The importance placed on genetics

“She’s so artistic… It’s not surprising – there are lots of artistic genes in her.”

“She’s so good at puzzles! She takes after her great grandpa!”

“Look at the way she sticks her tongue out when she concentrates… Just like her great grandpa.”

“You were clumsy when you were her age, too.”

“She’s so athletic. Must get that from the donor’s side!”

These are all things people have said to me, about my daughter, referring to her genetic heritage. These comments come so frequently that all of these examples could have easily been made on the same day, by the same person.

My parents are particularly guilty of focusing on genes (although they’re by no means the only ones). At first I defended their right to make comments about how much she reminded them of me as a child. I thought it was just all about nostalgia. But over time, and after hearing (really hearing) my wife’s feelings, I’ve started to see the comments as disrespectful and ignorant. It’s one thing to see your own child in features of your grandchild, and to take delight in that. But it’s another thing to completely disregard the learning of behaviours and make logical leaps to connect a behaviour or trait to some family gene. The “artistic genes” comment is an example of the logical stretch… My grandparent who was referred to here was the only person in my entire family history who could draw. The rest of us can barely make a recognizable stick figure. My wife is an artist. She was accepted into a university program for fine art. That truth was totally disregarded.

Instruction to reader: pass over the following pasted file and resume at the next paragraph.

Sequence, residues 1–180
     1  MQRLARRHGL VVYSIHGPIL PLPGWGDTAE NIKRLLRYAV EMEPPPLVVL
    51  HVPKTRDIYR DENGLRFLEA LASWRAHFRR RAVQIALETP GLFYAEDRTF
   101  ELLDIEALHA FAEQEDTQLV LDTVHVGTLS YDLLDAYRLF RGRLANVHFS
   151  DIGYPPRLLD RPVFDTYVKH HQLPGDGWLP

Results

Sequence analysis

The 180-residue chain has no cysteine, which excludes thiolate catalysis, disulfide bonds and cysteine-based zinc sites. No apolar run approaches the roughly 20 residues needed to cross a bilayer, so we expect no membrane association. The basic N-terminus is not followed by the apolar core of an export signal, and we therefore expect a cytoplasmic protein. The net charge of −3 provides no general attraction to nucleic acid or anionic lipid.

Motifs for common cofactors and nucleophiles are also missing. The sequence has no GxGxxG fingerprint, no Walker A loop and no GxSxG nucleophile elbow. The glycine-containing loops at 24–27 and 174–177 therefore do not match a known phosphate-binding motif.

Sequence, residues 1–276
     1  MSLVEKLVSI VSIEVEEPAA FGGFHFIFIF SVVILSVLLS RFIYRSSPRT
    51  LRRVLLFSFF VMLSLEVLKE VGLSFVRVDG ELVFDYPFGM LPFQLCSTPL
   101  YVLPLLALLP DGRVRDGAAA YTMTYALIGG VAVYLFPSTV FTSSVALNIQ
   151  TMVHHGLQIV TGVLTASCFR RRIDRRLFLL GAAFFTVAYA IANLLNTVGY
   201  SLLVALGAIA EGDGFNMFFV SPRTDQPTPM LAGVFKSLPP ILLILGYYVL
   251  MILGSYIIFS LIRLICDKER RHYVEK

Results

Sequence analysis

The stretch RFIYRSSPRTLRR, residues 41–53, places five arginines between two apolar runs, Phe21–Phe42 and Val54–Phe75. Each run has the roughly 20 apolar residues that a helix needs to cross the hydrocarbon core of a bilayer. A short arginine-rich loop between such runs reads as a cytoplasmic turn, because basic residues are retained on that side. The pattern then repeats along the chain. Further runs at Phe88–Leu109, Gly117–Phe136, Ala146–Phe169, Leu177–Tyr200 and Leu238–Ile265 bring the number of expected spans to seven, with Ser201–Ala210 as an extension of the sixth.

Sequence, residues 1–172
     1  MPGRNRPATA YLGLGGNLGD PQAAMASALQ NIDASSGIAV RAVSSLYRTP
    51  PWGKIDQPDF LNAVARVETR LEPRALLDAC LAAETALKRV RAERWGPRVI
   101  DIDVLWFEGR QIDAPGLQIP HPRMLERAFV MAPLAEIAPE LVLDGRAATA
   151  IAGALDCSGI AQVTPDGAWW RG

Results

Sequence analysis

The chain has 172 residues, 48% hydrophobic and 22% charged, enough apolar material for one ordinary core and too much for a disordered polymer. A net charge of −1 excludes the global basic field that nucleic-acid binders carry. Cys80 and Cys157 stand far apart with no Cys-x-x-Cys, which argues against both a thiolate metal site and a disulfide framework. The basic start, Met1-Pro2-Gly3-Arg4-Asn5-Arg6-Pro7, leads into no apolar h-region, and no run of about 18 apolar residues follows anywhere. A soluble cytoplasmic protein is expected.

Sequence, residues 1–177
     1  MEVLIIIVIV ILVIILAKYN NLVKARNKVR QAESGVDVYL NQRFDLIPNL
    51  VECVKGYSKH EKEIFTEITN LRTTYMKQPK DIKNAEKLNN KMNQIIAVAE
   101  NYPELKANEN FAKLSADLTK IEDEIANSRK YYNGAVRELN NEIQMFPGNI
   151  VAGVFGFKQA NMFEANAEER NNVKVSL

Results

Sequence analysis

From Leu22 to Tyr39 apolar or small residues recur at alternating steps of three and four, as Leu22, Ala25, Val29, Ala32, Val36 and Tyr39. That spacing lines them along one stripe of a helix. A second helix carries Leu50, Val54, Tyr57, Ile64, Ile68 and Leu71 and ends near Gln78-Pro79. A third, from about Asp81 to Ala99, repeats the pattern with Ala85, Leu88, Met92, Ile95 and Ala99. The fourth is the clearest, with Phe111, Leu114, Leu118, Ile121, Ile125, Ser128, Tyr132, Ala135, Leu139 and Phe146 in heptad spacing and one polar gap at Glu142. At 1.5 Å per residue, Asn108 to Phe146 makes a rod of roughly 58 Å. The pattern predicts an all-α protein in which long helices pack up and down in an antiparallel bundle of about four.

The frequency of these types of comments show that the commenters really aren’t considering my wife’s role in who our daughter is becoming. When the comment about Avery being good at puzzles was made, my wife literally had just finished a puzzle that day in front of the person who made the comment. Instead of assuming that my wife’s influence had taught Avery to appreciate puzzles, the illogical jump was that her great grandfather had somehow imparted puzzle-loving genes on her.

I won’t go into how it makes my wife feel, because those aren’t my feelings to share. But it makes me feel frustrated that my wife will always have her influence forgotten or denied; that my daughter will see that others assume her Mo is less connected to her or is less responsible for the person she becomes; that we will constantly be on alert as we anticipate the comments that make us cringe.